ACLU wants to review Ohio abstinence classes
COLUMBUS, Ohio -- The American Civil Liberties Union has asked 31 school districts in Ohio for copies of curricula used to teach sexual abstinence programs so it can review the material for accuracy.
The group's Ohio affiliate sent public information requests to districts last week as part of a project being conducted by the civil rights group's national office, said ACLU of Ohio staff attorney Carrie Davis.
The goal is to examine the content of abstinence-education programs paid for with tax money, Davis said. The material also will be reviewed for any separation of church and state concerns, she said.
A long-awaited national study ordered by Congress and released Friday concluded that students who took part in sexual abstinence programs were just as likely to have sex as those who did not.
In addition, those who attended one of the four abstinence classes that were reviewed reported having similar numbers of sexual partners as those who did not attend the classes. And they first had sex at about the same age as other students -- 14.9 years, according to Mathematica Policy Research Inc.
Some of the school districts asked to provide copies of their abstinence curricula to the ACLU include Dayton, Miamisburg and West Carrollton in southwest Ohio.
Valerie Huber, director of the National Abstinence Educators Association, a newly formed trade group, said she doubts the ACLU will uncover any problems.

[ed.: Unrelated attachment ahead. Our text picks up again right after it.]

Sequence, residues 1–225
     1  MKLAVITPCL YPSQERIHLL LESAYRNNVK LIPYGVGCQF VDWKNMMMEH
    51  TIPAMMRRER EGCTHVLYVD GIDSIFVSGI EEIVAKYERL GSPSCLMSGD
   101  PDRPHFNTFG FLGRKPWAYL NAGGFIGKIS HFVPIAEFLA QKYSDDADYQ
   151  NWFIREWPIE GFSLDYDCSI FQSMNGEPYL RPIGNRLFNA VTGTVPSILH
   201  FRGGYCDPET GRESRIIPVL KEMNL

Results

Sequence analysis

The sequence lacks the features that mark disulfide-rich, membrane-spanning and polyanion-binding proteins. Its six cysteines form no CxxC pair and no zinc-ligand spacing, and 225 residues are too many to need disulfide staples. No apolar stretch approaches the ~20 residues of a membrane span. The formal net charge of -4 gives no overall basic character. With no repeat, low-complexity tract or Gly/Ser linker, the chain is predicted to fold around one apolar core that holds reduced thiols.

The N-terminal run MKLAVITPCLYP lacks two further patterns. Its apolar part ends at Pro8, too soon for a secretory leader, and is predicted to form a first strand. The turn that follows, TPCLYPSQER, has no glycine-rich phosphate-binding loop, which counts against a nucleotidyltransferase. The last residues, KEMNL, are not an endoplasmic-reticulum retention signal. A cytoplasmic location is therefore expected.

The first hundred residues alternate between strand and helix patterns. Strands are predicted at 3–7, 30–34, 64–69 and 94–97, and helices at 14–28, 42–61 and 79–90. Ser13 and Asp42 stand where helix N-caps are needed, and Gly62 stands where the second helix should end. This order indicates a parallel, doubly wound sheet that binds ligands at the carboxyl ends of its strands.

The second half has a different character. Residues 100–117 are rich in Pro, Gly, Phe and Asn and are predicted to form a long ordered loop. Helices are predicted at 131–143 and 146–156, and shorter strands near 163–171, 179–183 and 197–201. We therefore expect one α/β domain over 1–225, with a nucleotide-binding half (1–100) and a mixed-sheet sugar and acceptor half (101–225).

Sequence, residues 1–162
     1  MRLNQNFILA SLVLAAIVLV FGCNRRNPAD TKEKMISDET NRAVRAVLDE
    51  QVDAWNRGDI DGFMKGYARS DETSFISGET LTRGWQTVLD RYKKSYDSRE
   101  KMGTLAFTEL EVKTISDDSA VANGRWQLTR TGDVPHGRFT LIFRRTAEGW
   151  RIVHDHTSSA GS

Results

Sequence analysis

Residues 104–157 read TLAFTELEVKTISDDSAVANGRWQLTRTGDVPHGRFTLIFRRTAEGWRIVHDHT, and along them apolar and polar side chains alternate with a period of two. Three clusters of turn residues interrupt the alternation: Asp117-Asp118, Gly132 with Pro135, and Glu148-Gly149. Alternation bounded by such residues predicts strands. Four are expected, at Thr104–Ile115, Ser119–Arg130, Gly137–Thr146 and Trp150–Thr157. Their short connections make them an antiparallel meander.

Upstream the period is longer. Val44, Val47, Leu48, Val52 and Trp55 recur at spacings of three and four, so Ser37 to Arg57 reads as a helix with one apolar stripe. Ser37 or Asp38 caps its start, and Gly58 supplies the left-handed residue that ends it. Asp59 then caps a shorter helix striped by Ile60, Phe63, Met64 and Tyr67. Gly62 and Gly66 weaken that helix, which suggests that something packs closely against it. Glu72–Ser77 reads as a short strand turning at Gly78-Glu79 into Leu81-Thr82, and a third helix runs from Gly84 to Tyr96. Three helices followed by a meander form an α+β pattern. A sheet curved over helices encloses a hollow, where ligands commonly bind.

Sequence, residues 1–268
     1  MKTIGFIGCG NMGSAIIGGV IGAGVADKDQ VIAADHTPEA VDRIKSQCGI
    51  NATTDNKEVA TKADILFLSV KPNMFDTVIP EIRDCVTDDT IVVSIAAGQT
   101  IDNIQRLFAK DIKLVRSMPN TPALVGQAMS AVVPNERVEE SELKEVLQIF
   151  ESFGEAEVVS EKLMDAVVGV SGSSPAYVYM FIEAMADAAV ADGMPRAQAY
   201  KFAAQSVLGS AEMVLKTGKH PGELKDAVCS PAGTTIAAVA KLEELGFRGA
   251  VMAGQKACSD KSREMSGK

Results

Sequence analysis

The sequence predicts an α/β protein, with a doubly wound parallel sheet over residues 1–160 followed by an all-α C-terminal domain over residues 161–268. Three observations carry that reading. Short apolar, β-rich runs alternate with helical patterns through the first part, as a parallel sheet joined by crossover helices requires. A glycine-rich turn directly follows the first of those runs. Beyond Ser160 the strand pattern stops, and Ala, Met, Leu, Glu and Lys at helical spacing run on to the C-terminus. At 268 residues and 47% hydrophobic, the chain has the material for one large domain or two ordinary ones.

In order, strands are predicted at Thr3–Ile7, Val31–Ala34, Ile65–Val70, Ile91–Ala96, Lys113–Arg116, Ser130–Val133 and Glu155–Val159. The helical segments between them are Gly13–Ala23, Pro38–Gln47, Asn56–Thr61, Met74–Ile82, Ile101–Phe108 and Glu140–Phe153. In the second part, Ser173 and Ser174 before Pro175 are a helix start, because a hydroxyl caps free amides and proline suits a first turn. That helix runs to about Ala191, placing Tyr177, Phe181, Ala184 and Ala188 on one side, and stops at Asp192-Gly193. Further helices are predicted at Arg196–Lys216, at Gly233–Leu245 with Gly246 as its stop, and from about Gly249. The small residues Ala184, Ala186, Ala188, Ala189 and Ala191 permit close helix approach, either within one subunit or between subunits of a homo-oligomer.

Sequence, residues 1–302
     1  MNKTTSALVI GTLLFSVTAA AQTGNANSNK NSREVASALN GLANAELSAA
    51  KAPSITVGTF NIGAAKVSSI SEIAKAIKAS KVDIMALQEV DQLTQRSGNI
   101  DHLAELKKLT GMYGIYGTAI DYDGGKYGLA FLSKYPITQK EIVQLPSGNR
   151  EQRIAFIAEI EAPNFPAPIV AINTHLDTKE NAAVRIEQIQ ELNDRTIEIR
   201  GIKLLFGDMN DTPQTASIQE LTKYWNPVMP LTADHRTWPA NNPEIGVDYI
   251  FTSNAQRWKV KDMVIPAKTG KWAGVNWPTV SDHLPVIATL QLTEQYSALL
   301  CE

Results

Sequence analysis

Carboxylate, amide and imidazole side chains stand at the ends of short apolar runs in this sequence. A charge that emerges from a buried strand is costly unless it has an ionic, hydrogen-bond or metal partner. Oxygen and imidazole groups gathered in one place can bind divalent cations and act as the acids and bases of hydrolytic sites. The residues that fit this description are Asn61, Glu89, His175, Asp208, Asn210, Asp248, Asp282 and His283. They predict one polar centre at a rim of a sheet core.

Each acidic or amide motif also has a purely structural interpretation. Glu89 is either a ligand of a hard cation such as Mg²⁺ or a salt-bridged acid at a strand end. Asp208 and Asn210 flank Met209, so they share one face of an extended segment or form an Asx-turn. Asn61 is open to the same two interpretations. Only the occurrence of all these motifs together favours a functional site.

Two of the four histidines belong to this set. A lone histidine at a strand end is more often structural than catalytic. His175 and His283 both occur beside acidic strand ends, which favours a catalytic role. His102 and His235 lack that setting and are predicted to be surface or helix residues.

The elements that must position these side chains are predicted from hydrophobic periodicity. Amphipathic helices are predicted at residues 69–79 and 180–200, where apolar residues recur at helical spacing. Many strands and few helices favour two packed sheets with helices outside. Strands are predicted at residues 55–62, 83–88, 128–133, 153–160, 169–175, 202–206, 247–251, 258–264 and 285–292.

"It's probably part of a coordinated effort to de-fund abstinence education," she said.
Huber said other studies show abstinence education programs work in persuading teens to delay the onset of sexual activity and persuading sexually active teens to reduce participation in casual sex.
The federal government now spends about $176 million annually on abstinence-until-marriage education. Critics have said repeatedly they don't believe the programs are working, and the study will give them reinforcement.
Some lawmakers and advocacy groups believe the federal government should use that money for comprehensive sex education, which would include abstinence as a piece of the curriculum.
Ohio Gov. Ted Strickland, a Democrat and critic of abstinence-only education, has stripped $1 million in state aid for those programs from his proposed budget.
The administration says it has no plans to apply for federal money for the programs after the current funding ends Sept. 30.
Ohio abstinence groups have received $23.7 million in federal dollars over the last three years, according to the Sexuality Information and Education Council of the United States. The state has contributed $500,000 a year, in addition to running programs through the Governor's Office on Faith-based and Community Initiatives.